The threat to Russia and China is perceived above all as de-legitimation of their way of controlling the population that comes with “universal values” and, worst of all, “color revolutions.” To defend against these dangers, they must be discredited as a threat not to a particular political leadership, but to the viability of the nation and the wellbeing of its citizens. This alternative has to be demonized as destruction of the nation, not its empowerment. When the nation was truly endangered during the 1940s, the communist party is credited with saving it and leaving behind a structure to maintain its security and identity. Thus, recalling this achievement and the revival of the danger of dismemberment or isolation is valuable in defining today’s battles.
Sino-Russian national interests do not coincide very well on the Korean Peninsula and in Central Asia. There is little prospect of trust between the two countries, given the intensity of each one’s determination to forge an exclusive type of regionalism in support of its own centrality and identity. Yet, their preoccupation with the national identity gap with the United States and its allies and partners and with carving out a sphere in opposition to these perceived threats not only results in shared mutual interests, it also leads to overlapping national identities on the international arena. With intensified crackdowns on domestic doubters and rhetoric demonizing the West, China and Russia regard each other as closer than at any time since the 1950s.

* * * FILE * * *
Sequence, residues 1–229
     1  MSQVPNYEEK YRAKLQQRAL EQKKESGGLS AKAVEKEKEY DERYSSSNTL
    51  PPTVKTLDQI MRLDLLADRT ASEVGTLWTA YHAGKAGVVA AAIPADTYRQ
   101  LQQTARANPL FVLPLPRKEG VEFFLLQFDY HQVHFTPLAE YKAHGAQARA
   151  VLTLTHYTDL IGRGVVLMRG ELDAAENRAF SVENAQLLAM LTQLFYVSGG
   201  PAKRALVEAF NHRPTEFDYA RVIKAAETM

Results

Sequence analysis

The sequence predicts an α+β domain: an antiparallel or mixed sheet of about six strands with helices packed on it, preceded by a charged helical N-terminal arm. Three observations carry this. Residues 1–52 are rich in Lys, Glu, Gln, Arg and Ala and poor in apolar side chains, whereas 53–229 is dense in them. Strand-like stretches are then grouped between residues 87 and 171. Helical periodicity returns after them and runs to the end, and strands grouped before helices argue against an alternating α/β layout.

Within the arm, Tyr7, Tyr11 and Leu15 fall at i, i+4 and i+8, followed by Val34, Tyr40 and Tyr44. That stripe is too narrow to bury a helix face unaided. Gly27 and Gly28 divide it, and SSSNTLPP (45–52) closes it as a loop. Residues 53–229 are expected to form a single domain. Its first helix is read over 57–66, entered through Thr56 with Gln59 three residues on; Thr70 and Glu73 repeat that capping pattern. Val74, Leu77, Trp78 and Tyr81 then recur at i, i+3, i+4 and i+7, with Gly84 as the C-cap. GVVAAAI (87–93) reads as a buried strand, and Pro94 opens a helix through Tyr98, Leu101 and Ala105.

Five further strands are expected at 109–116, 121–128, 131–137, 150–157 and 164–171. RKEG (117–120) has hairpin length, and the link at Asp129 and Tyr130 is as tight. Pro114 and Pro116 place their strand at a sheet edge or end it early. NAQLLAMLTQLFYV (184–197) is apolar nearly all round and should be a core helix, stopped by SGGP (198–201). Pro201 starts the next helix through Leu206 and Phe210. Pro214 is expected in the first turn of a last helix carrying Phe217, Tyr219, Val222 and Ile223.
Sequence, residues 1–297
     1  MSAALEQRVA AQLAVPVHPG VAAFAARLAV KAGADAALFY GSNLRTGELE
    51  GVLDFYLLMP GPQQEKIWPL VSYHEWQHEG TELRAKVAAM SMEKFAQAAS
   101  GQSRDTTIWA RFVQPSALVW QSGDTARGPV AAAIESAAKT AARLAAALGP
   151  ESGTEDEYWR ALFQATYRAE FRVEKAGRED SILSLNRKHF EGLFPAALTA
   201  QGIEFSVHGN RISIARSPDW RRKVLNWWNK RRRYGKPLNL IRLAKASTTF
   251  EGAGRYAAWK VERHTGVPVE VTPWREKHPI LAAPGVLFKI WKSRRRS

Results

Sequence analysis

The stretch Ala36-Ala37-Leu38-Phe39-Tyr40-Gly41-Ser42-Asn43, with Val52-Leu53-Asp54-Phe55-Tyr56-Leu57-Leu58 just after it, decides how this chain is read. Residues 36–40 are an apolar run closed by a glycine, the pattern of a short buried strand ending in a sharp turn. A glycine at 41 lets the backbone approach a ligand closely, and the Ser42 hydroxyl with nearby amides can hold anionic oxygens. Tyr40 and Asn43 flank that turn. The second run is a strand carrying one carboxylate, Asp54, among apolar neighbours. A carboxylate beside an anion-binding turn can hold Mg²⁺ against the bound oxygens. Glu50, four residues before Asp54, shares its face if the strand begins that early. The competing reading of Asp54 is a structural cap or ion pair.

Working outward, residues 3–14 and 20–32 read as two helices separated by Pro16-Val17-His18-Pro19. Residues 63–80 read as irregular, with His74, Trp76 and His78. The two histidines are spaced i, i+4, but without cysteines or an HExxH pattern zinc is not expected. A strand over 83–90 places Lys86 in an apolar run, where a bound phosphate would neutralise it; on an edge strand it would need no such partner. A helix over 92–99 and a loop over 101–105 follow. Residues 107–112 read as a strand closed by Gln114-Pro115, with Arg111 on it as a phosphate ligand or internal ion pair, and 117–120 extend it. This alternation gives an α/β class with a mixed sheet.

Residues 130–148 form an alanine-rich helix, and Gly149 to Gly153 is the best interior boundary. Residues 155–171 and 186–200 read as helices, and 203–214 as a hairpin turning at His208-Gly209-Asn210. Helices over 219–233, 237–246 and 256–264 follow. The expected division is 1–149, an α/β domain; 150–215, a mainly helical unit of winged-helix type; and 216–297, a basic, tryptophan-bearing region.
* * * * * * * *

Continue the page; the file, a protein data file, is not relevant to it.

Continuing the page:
Putin has made Ukraine and Xi has made Japan the test case for reinterpreting the meaning of 1945. They agree, in principle, on challenging the West by prioritizing 1945 over 1989, as if the Cold War had never ended, but Xi is not eager for Russia to reestablish the Soviet sphere (in Ukraine and, even more, in Central Asia) and Putin remains solicitous of Abe’s overtures. On May 9 with Kim Jong-un at his side Putin will take the lead in interpreting the legacy of WWII, but Xi’s hesitation about a new cold war, as seen in the positive spin put on his November summit with Obama, has cast doubt on whether he will go nearly as far as Putin in assessing the legacy of the postwar regime. Should Putin endorse Xi’s verdict on Japan as the chief transgressor in trying to overturn the existing order, he might expect more reciprocity. Even in the absence of agreement on priorities, the overall consensus on 1945, steeped in support for the communist bloc’s rejection of a US-led world order supportive of universal values, suffices to keep China and Russia joining together on the history issue. The year 2015 promises to solidify their sense of shared national identity in a global context. Abe’s determination to revise the verdict on Japan and the likelihood that he cannot continue to woo Putin at a time of increasing sanctions increase the prospects that Putin will join Xi in vilifying Japan, raising their level of solidarity.